U.S. Imposes Sanctions on Venezuelan President: What You Need to Know

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The U.S. imposed direct sanctions against Venezuelan President Nicolas Maduro on Monday, freezing his U.S. assets and barring Americans from conducting business with him. The sanctions came a day after a vote that expanded his powers, giving the international community fresh concerns that Venezuela is creeping from democracy to dictatorship.

“By sanctioning Maduro the United States makes clear our opposition to the policies of his regime and our support for the people of Venezuela,” Treasury Secretary Steve Mnuchin said during a press briefing at the White House on Monday. “As we continue to monitor this situation we will continue to review all of our options.”

U.S. officials reportedly considered enacting additional measures against Maduro, including banning imports of Venezuelan oil. But in the end, officials worried that halting imports of Venezuelan crude, which makes up about 10 percent of all U.S. oil imports, would unfairly punish regular Venezuelans. Maduro joins three other heads of state directly under U.S. sanctions: North Korean leader Kim Jong-un, Syrian President Bashar al-Assad, and Robert Mugabe, the 93-year-old president of Zimbabwe.

On Sunday, Venezuelans voted in a referendum on whether or not to dissolve the country’s legislative body, the National Assembly, for a new, 545-member Constituent Assembly, entirely composed of Maduro loyalists. Maduro’s opponents–not to mention Brazil, Colombia, Peru, Argentina, Chile, and Panama–saw the vote as illegitimate. The U.S. ambassador to the United Nations, Nikki Haley, slammed the vote on Twitter:

Opposition leaders in Venezuela, and millions of citizens, fear that the Constituent Assembly will be a vehicle for Maduro to re-write the constitution, giving him broader, incontestable powers.

Those powers are already bearing fruit. Early Tuesday morning, two prominent Maduro critics, Leopoldo Lopez and Antonio Ledezma, were reportedly taken from their homes by SEBIN, Venezuela’s intelligence service. The opposition leaders’ families posted on social media detailing their arrests.

Lopez’s wife, Lilian Tintori, tweeted early Tuesday: “They just took Leopoldo from the house. We do not know where he is or where he is being taken. Maduro is responsible if something happens to him.”

And in a video statement, Ledezma’s daughter said: “He was in pajamas. We don’t know where he was taken. A group of men came with their faces concealed and in camouflage and they took him. They have kidnapped him once again. We hold the regime responsible for his life and physical integrity.”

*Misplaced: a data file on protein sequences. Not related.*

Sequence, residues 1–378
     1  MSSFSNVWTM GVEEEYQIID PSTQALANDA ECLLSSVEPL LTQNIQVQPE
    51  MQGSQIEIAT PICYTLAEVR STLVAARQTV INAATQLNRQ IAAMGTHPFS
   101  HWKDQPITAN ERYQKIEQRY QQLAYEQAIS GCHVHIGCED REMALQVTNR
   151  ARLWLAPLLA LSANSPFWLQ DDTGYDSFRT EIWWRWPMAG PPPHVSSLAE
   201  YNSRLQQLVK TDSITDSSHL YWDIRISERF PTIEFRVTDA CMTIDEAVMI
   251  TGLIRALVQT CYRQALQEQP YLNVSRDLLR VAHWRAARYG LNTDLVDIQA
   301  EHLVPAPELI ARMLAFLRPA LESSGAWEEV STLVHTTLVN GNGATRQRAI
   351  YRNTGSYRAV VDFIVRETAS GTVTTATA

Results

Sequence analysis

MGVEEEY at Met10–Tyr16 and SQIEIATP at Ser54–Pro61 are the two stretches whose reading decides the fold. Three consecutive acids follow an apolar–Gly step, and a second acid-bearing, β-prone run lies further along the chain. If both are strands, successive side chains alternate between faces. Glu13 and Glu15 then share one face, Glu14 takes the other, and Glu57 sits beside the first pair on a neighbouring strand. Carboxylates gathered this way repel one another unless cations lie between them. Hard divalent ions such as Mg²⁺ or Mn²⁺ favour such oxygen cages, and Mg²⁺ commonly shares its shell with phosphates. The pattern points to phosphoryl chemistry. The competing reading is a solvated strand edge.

Lopez and Ledezma are among Maduro’s most vocal and influential critics. Lopez was detained in early 2014 for allegedly inciting anti-government protests. He was released from military prison to house arrest last month. Ledezma, the former mayor of Caracas, Venezuela’s capital and the center of political unrest in recent months, is also a leading opposition figure.

As Maduro looks to cement his power, Venezuelans are growing increasingly desperate, struggling to obtain basic necessities like food and water. Since protests ratcheted up in April, at least 125 people have died; 10 people were reportedly killed during protests on Sunday. Maduro seems unfazed by the mounting unrest, the plight of his people, and the condemnation of the international community.

“If the empire’s threats and sanctions don’t intimidate me, nothing scares me,” Maduro said on state television after Sunday’s vote. “Issue all the sanctions you want, but the Venezuelan people have decided to be free and I have decided to be the president of a free people.”

Alec Siegel
Alec Siegel is a staff writer at Law Street Media. When he’s not working at Law Street he’s either cooking a mediocre tofu dish or enjoying a run in the woods. His passions include: gooey chocolate chips, black coffee, mountains, the Animal Kingdom in general, and John Lennon. Baklava is his achilles heel. Contact Alec at



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